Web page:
Newcastle United secured an immediate return to the Premier League with a convincing home victory over Preston.
Christian Atsu put the Magpies 2-1 up at half-time after Jordan Hugill had cancelled out an Ayoze Perez opener.
On a tense evening at St James’ Park, Newcastle nerves were settled when Preston’s Paul Gallagher was sent off for handling on the line and Matt Ritchie scored the resulting penalty.
Perez got his second from close range to send Newcastle up with Brighton.
Rafael Benitez’s side had taken only one point from their previous three matches, but their late-season wobble was not punished by their closest rivals.
Defeats for Reading and Huddersfield on Saturday left Newcastle needing one more win to guarantee a top-two finish.
Nerves were evident among the players and the crowd, which was in excess of 50,000, until Ritchie converted his spot-kick to stretch Newcastle’s advantage against 10-man Preston with 25 minutes to play.
The hosts took advantage of poor Preston defending for all four goals, with Perez netting twice from corners and Atsu finishing a counter-attack in first-half stoppage time after North End had lost possession in midfield.
Vindication for Benitez
Benitez had made a huge impression on Newcastle supporters in his two-month stint at St James’ Park, despite being unable to save the Magpies from dropping out of the Premier League at the end of last season.
He was widely expected to leave a club destined for the Championship – he was, after all, a former Champions League winner with Liverpool and had been in charge of Spanish giants Real Madrid only two months before replacing Steve McClaren.
However, instead of activating the break clause allowing him to leave Newcastle in the event of relegation, the Spaniard chose to sign a three-year contract.
“The love I could feel from the fans was a big influence for me,” said Benitez in May 2016, upon signing his new deal.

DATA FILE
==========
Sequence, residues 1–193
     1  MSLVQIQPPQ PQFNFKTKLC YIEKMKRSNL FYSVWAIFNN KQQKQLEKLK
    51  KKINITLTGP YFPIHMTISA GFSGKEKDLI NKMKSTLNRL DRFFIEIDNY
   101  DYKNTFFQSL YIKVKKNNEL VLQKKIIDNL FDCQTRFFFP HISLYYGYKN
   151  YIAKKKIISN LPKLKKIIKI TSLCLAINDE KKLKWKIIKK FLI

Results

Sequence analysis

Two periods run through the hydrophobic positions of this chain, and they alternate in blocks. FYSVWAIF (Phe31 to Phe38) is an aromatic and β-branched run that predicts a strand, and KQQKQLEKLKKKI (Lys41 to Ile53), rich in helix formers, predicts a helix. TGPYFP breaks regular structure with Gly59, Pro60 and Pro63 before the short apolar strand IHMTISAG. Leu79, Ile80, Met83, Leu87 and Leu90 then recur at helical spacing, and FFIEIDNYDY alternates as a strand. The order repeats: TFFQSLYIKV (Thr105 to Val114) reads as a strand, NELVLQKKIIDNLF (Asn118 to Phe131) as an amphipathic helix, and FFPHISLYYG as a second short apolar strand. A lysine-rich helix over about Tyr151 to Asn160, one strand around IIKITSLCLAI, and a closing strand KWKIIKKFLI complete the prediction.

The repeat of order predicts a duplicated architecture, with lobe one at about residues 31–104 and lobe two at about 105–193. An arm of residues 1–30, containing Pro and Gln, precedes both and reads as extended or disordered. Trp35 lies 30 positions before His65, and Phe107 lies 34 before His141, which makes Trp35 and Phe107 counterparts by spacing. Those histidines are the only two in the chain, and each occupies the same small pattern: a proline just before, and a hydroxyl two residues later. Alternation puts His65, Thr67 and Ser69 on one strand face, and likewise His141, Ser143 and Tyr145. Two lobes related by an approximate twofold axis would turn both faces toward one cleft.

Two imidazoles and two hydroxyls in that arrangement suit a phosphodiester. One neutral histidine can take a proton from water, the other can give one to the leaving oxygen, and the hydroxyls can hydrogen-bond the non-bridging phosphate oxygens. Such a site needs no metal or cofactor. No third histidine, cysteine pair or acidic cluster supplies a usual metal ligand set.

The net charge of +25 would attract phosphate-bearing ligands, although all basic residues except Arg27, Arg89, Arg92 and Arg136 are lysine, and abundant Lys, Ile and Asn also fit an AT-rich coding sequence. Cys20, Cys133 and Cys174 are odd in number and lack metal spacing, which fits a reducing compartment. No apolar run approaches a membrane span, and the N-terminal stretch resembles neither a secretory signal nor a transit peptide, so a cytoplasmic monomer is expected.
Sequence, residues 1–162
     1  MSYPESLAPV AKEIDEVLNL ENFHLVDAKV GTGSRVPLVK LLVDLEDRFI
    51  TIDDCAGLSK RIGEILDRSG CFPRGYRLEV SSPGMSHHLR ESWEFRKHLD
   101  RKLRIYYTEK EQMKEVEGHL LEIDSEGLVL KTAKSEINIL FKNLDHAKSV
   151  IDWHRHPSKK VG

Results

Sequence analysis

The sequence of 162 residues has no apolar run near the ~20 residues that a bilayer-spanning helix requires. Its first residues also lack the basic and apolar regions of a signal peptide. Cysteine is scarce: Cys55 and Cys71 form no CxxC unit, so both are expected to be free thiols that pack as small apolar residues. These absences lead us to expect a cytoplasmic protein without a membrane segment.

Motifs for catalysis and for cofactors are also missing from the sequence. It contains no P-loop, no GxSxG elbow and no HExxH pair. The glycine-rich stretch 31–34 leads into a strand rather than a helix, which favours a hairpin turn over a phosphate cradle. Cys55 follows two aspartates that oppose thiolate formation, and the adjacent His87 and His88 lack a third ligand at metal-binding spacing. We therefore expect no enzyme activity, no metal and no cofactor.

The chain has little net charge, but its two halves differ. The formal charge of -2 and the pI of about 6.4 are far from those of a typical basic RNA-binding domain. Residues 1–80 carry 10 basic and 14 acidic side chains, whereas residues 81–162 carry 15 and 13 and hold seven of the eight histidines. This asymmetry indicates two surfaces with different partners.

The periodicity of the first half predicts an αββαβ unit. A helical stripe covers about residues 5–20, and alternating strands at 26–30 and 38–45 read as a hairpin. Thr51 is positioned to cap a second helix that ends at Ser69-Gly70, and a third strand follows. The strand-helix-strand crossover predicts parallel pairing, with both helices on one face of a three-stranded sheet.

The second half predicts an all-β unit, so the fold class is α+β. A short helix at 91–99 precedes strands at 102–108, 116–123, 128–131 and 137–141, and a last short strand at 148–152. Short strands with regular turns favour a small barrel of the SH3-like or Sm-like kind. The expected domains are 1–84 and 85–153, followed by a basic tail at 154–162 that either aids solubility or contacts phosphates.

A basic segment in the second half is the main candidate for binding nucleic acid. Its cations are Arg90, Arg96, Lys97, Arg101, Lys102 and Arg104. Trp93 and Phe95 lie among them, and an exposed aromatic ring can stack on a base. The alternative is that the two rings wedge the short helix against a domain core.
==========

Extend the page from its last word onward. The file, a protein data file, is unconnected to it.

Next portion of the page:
“This is a huge club and I wanted to be part of the great future I can see for Newcastle United. The main thing for me is that I have assurances that we will have a strong team – a winning team.”
Benitez told BBC Newcastle after the match: “I have to congratulate the players, the staff, everyone here in the club and city.
“In the end it was a very difficult task because it’s a very difficult division and we had to keep going and pushing. There are a lot of things you cannot control but in the end we are where we wanted to be.
“This day is massive because everyone said at the beginning you have to go straight up. You know from experience it’s not easy for any team, especially when you go down and have to change half the squad.
“I think it’s a really important achievement for everyone involved because you have to keep strong mentally and keep going for so many months.”
Newcastle forward Aleksandar Mitrovic, who had a number of chances to add to the scoreline against Preston, said: “Trust me, this team is really special. That’s the reason why we made it in the end.
“I didn’t believe when they told me this league was so hard, but for me this league, physically, is harder than the Premier League.
“We still have a chance to win the league but the most important thing is next year we have Premier League football here.”
How promotion was won
Benitez was backed extensively in the transfer market and more than £50m was spent as one of the most expensive squads in Championship history was assembled.
Among the incomings were striker Dwight Gayle and winger Ritchie, who cost a combined £22m from Crystal Palace and Bournemouth respectively and have repaid their sizeable transfer fees with 34 league goals between them this term.
Newcastle recouped all of that outlay and more with the sales of high-profile players such as Moussa Sissoko, Georginio Wijnaldum and Andros Townsend to Premier League clubs.
As for those who stayed following relegation, they have also played their part in Newcastle’s success.
Jonjo Shelvey, an England international as recently as November 2015, has featured in every league match he has been available for this season and been one of the team’s main creative forces in midfield.
Comparisons to 2009-10
Newcastle secured promotion this term with two games to spare, but they will not match the achievements of the last Magpies side to go up from the second tier in 2009-10.
They had been relegated in 2009 with the club’s record goalscorer Alan Shearer in caretaker charge – and began 2009-10 with Chris Hughton as caretaker manager.
After a positive start to the season, Hughton was given his first permanent managerial role in October and he led Newcastle to the title with 102 points from their 46 games – 23 points more than third-placed Nottingham Forest.
There was little investment in new players but the majority of the squad from the previous season remained. Captain Kevin Nolan led by example, scoring 17 league goals from midfield, a tally matched by emerging striker Andy Carroll.
Although promotion to the top flight has once again been achieved at the first opportunity, the Championship title is likely to elude Newcastle this time around.
Leaders Brighton – now managed by Hughton – will be crowned champions if they win either of their final two league matches.